Last night, I prepared a Rachael Ray recipe that was supposed to take 60 minutes … and it did! 62 minutes, to be exact. But well within an acceptable margin of error.
The recipe was “Spicy Lentil Stoup”, from Just in Time. It was good, too! A nice, thick soup with plenty of lentils and kale, plus tomatoes, carrots, potatoes, onion, garlic, various spices, and a bit of pancetta, a couple anchovy fillets, and chicken broth to give it flavor.
I think that the 60-minute meals are more likely to be accurate estimates of the time required. They tend to be recipes that require simmering for 25 minutes or so, and where Rachael grossly underestimates the time it will take an average person to sprint through one of her recipes is in prep. I just can’t chop that fast! Not to mention finding the ingredients, mopping up all the liquid that the tomatoes I chopped have released onto the cutting board before I mince the thyme. Etc.
The Spicy Lentil Stoup serves way more than 4, though (and is not really very spicy)! Hopefully Donald will help me to eat lots of it tomorrow night, so that I don’t have to put any of it in the freezer. I’m going to Newport next week for a chemistry conference, so I’m afraid I might not have a chance to finish it (especially since I’m having a dinner party on Saturday night, so I won’t be able to eat it then).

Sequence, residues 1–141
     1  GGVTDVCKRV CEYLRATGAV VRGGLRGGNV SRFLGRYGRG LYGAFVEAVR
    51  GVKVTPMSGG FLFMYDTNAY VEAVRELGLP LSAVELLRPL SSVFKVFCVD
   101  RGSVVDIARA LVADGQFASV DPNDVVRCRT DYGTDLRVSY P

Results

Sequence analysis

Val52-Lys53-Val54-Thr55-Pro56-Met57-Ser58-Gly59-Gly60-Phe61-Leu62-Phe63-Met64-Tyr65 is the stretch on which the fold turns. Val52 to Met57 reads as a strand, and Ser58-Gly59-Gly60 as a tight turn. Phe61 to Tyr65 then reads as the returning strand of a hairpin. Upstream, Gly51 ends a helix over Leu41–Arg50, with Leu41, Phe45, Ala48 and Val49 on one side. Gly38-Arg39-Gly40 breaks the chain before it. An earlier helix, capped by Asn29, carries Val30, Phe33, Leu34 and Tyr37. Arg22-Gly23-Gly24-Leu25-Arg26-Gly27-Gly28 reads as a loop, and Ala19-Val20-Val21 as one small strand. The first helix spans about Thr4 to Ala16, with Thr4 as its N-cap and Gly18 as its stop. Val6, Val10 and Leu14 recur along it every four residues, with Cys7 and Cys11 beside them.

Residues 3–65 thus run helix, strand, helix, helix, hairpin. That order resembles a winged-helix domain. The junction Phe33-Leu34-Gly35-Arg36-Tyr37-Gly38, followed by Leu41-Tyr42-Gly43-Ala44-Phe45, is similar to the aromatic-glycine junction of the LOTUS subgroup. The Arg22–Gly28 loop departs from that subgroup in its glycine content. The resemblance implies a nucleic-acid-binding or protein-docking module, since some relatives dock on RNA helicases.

I’ve mentioned America’s Test Kitchen a few times, and how their cooking time estimates are usually more reliable than Rachael Ray’s. On Monday, I prepared Grilled Tuna and Bok Choy with Soy-Ginger Glaze from The Quick Recipe. Estimated time, 45 minutes. Actual time, 52 minutes. But that includes the time it took me to run back into the house and splash water in my eyes when the glaze dripped down onto the coals and turned into some potent tear gas that could have been used as crowd control.
That recipe was also tasty. Though the grilling part gets busy, when you have 4 tuna steaks and 8 pieces of bok choy on the grill all at once. And I couldn’t figure out how to keep the bok choy leaves from turning into charred shreds like the newspaper I used to light the coals. The cookbook said to squirt water on them occasionally “to prevent them from drying out”, but it didn’t really seem to help all that much. Besides, I had to keep glazing the tuna, and flipping it periodically (and chasing the tuna pieces around the grill with the spatula). And splashing water on my eyes.
Whole Foods apparently hasn’t gotten the memo that America’s Test Kitchen recommends grilling tuna steaks at least 1 1/2 inches thick if you want rare tuna, because I couldn’t find anything thicker than about 1 inch.